See also: List of governors of South Tyrol
9 January 2014 South Tyrolean People's Party
Maurizio Fugatti daticamera 2018.jpg
Maurizio Fugatti Trentino Trentino
See also: List of presidents of Trentino
22 October 2018 Northern League


From 1875 the territorial authority of the estates in the twelve administrative provinces of Prussia were re-organised as Provinzialverbände. Each of these self-governing bodies were represented in a Provinziallandtag assembly, whose members were delegated by the rural and urban districts within the province. The districts organised through their elected deputies their utilities, such as construction and maintenance of provincial roads, hospitals, schools, public savings banks, waste disposal etc., in self-rule.

The provincial administration was initially headed by a Landesdirektor, who was elected by the assembly for six-year terms (in Pomerania: five years) and maximally two terms. The holder of the office presided over the Provinzialausschuss, i.e. provincial government of self-rule, whereas the Oberpräsident was the king-appointed representative for the province, busy with implementing and supervising central prerogatives of the Prussian government.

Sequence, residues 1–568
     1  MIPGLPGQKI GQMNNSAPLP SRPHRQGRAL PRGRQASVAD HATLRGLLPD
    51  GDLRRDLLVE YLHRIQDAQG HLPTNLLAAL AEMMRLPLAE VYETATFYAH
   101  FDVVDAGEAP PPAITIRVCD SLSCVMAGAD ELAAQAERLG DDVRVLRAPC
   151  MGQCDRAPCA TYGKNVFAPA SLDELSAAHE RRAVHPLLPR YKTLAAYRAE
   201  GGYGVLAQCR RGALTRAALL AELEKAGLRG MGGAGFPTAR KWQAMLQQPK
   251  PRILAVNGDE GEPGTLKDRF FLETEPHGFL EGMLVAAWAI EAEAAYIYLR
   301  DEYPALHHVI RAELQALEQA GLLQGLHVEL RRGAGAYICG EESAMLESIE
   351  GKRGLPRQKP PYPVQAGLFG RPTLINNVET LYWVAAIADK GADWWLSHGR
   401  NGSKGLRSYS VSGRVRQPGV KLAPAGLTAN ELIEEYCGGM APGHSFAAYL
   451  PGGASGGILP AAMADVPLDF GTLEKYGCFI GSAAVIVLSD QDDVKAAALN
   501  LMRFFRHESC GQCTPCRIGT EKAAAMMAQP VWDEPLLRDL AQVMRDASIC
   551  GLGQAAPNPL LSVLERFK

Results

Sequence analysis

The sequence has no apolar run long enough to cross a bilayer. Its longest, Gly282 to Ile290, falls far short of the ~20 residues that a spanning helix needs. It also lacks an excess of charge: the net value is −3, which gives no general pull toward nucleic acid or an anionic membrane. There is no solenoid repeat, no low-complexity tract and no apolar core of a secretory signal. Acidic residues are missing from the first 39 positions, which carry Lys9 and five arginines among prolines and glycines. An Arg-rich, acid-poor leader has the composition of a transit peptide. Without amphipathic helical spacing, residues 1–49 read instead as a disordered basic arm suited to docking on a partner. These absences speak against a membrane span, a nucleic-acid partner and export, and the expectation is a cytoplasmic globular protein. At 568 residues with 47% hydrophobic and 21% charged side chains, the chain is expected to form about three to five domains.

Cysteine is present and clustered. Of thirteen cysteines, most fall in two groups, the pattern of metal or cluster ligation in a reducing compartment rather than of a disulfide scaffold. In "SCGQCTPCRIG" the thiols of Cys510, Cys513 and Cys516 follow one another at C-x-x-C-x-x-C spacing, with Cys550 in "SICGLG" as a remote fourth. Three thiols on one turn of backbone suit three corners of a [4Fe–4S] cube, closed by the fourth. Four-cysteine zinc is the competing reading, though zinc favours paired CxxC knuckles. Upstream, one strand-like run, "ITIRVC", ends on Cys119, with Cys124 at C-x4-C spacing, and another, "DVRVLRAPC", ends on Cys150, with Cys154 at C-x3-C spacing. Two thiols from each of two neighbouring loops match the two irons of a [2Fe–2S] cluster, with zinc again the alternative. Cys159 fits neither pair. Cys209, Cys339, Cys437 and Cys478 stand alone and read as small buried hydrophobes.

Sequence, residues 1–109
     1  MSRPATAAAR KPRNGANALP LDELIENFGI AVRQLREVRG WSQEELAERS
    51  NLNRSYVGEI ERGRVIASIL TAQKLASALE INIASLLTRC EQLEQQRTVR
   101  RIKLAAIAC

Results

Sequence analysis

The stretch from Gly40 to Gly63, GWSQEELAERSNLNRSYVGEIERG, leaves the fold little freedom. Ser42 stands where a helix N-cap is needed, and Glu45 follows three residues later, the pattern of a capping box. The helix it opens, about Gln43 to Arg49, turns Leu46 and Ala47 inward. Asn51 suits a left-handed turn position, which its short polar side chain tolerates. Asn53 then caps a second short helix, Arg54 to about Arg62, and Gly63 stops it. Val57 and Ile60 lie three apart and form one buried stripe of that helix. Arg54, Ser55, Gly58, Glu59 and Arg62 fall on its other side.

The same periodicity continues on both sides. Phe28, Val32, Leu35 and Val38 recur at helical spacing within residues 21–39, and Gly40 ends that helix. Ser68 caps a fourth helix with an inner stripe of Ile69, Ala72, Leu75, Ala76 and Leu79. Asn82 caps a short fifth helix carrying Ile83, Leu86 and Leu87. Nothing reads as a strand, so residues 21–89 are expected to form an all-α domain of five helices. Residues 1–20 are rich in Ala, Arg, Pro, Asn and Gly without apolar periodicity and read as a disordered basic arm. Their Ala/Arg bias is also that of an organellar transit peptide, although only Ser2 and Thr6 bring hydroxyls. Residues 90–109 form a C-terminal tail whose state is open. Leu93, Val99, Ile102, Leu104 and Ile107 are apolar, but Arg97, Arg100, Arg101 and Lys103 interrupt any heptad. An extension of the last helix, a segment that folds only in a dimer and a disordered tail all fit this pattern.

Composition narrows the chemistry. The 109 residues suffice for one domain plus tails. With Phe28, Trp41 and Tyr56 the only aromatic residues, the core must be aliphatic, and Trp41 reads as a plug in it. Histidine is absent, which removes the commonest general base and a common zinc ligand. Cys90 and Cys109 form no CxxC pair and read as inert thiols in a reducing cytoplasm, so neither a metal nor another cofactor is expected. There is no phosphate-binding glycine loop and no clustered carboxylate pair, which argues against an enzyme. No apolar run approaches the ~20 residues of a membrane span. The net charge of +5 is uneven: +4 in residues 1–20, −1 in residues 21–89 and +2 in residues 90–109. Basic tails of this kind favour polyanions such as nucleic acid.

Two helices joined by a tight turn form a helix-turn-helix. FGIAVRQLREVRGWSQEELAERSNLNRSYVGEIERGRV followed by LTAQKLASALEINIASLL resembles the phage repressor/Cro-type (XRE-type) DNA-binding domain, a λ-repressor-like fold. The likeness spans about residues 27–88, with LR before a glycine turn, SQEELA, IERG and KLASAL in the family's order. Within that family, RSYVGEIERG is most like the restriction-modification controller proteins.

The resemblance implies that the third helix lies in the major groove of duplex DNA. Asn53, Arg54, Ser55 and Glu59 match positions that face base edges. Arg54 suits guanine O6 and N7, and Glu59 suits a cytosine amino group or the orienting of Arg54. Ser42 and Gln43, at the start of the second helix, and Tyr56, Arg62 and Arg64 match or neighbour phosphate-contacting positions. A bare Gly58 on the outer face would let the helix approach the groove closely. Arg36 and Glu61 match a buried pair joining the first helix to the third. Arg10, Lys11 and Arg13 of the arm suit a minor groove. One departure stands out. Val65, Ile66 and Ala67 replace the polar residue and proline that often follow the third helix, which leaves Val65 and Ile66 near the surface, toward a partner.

In the following decades, Landeshauptmann gradually replaced the earlier expression Landesdirektor in all but one of Prussia's provinces. When the kingdom turned into a free state in 1920, only the Landtag of Brandenburg had decided to keep the traditional expression.[3] With the abolition of democratic self-rule on all government levels in the course of the Gleichschaltung process after the Nazi takeover in 1933, the office-holders were furloughed or retired and the offices remained vacant.

Klaipėda Region

The Klaipėda Region (German: Memelland), which was dissected from East Prussia after World War I and annexed by Lithuania in the Klaipėda Revolt of 1923, continued the usage of the terms Landesdirektor (i.e. government member) and Landesdirektorium (Lithuanian: krašto direktorija; i.e. government). The head of government was given the title Landespräsident (state president).


  1. ^ Duden; Definition of Landeshauptmann, in German. [1]
  2. ^ Constitution of Austria, Article 7,3.
  3. ^ Cf. article: "Landesdirektor", in: Der Große Brockhaus: Handbuch des Wissens in zwanzig Bänden: 21 vols.; Leipzig: Brockhaus, 151928–1935; vol. 11 (1932), p. 71.